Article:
For Israel, U.S. response on Syria may be harbinger on Iran

John Kerry Makes Statement To Press On Situation In Syria

Secretary of State John Kerry said chemical weapons had been used to kill scores of people during the ongoing civil war in Syria in an appearance at the State Department Aug. 26, 2013. (Chip Somodevilla/Getty Images)

TEL AVIV (JTA) — Following reports of what was almost certainly a chemical weapons attack in Syria, the White House has made moves indicating it may be inching closer to military intervention in the 2 1/2-year civil war there.

Among the moves: moving warships toward the eastern Mediterranean and updating military options.

In Jerusalem, Washington’s resolve in Syria is seen as a crucial litmus test for its readiness to confront another looming Mideast showdown over unconventional weapons.

“[Syrian President Bashar] Assad’s regime has become a full Iranian client and Syria has become Iran’s testing ground,” Israeli Prime Minister Benjamin Netanyahu said Sunday following a meeting with French Foreign Minister Laurent Fabius. “Now the whole world is watching. Iran is watching and it wants to see what would be the reaction on the use of chemical weapons.”

The attack last week in the suburbs of Damascus reportedly killed hundreds of civilians and, given the number of casualties, witness reports and other available facts, left “very little doubt” that a chemical agent had been used, according to a senior Obama administration official quoted by The New York Times.

Although he has called for Assad’s resignation, Obama thus far has resisted direct U.S. involvement in the Syrian civil war. Polls have shown that Americans oppose becoming embroiled in another Middle East conflict.

But Obama also has said that if Assad used chemical weapons, it would cross a “red line” that would necessitate a response.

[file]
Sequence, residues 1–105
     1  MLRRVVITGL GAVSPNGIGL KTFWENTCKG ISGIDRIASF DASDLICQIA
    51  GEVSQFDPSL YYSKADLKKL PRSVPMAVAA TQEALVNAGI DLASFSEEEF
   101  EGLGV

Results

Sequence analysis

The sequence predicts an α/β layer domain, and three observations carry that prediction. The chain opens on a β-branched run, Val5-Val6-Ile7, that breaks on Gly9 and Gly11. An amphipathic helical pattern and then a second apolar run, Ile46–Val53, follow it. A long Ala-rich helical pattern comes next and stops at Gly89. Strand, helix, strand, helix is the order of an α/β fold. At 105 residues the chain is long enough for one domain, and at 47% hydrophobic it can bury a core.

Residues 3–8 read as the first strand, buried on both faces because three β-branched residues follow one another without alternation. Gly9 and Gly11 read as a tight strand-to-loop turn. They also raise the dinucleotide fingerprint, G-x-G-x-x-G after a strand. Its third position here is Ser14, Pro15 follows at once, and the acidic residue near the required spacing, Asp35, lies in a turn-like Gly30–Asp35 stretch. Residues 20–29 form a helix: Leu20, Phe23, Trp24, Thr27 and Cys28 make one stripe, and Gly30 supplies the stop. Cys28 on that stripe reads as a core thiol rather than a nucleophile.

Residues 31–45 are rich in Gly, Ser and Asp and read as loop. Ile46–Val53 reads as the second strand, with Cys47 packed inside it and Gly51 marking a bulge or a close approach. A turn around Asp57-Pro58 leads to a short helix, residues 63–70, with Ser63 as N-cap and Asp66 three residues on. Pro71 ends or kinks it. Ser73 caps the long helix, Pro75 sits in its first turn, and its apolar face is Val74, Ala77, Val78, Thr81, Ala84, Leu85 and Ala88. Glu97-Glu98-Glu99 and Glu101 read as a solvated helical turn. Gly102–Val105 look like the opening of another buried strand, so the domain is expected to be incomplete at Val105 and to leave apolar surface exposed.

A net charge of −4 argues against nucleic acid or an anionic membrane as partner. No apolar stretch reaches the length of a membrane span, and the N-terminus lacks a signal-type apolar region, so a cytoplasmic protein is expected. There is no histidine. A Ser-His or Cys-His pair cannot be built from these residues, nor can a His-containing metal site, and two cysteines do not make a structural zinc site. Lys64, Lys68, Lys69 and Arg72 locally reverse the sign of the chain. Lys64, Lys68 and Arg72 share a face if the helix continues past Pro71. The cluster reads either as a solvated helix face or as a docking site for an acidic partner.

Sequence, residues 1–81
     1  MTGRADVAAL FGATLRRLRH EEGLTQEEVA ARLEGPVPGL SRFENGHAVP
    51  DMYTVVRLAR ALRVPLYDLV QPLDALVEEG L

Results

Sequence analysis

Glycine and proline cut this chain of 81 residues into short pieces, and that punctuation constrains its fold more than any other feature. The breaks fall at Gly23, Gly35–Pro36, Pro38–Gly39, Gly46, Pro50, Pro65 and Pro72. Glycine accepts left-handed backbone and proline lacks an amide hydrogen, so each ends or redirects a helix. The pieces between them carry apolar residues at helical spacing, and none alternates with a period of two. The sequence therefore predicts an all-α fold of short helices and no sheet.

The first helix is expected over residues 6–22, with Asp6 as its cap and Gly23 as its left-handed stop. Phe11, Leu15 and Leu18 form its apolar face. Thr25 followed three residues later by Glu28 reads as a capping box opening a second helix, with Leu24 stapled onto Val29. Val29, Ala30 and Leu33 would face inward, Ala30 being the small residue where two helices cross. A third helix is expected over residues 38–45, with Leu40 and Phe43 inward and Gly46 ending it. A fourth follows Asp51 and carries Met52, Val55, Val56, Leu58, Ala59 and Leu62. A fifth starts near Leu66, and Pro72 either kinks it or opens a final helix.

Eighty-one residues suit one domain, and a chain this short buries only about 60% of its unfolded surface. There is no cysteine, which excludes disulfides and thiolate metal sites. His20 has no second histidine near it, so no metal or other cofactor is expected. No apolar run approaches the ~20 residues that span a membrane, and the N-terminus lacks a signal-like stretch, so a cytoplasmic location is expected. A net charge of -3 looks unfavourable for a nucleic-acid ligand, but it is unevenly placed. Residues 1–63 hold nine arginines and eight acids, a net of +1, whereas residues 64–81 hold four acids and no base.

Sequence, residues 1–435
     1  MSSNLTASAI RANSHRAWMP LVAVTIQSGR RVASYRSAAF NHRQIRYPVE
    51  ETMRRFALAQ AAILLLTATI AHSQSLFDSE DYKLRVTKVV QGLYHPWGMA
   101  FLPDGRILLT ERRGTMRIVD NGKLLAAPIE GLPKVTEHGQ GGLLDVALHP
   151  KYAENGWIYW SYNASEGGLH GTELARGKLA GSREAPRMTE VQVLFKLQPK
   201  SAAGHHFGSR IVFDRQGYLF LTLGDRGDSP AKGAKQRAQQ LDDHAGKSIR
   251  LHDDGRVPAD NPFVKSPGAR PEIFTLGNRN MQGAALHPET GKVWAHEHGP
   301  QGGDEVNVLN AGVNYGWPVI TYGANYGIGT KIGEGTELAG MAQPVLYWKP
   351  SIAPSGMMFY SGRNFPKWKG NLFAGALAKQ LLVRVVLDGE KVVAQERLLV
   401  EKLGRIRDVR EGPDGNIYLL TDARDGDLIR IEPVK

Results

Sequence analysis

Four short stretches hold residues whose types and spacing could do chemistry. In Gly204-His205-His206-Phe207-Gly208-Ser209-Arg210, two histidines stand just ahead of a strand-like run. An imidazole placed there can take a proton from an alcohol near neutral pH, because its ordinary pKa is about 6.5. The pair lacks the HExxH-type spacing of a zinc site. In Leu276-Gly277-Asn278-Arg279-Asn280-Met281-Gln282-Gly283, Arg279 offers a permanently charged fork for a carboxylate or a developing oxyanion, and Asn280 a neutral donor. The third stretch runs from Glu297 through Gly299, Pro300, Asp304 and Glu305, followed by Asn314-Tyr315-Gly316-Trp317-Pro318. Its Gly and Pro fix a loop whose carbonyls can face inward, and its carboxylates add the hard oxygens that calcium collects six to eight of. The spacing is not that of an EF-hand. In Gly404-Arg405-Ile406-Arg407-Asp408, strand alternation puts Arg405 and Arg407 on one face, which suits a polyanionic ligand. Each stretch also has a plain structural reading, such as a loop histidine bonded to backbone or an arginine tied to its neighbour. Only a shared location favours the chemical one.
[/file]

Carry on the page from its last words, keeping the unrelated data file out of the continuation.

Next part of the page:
“This will make the U.S. do something, but it will be something symbolic,” said Eyal Zisser, a senior research fellow at the Moshe Dayan Center for Middle Eastern and African Studies at Tel Aviv University. “I don’t see American interest in a complex intervention, war or sending forces. They need to do something, but not something deep.”

Tension Rises In Israel Amid International Talks Of Military Intervension In Syria

Israelis pick up gas masks at a distribution center in Tel Aviv on Aug. 26, 2013. (Uriel Sinai/Getty Images)

The Israeli government repeatedly has broadcast concern about the possibility that the Syrian conflict could spill over and destabilize what has long been one of Israel’s quieter borders. As the war has intensified, Israel has taken steps to protect its northern frontier along the Golan Heights, where it recently built a security fence.

The prospect of a nuclear Iran is viewed with much greater concern in Israel, though Obama has declined to establish any similar red lines even as he has sought to assure Israel that he is not making empty threats about preventing Iran’s acquisition of a nuclear weapon.

American action in Syria might be enough to persuade Netanyahu the Americans are serious about Iran, Zisser said. But Netanyahu’s comments at his weekly Cabinet meeting on Sunday suggested that Israel is prepared to take action on its own.

“The most dangerous regimes in the world must not be allowed to possess the most dangerous weapons in the world,” Netanyahu said. “Our finger must always be on the pulse. Ours is a responsible finger and if necessary, it will also be on the trigger.”

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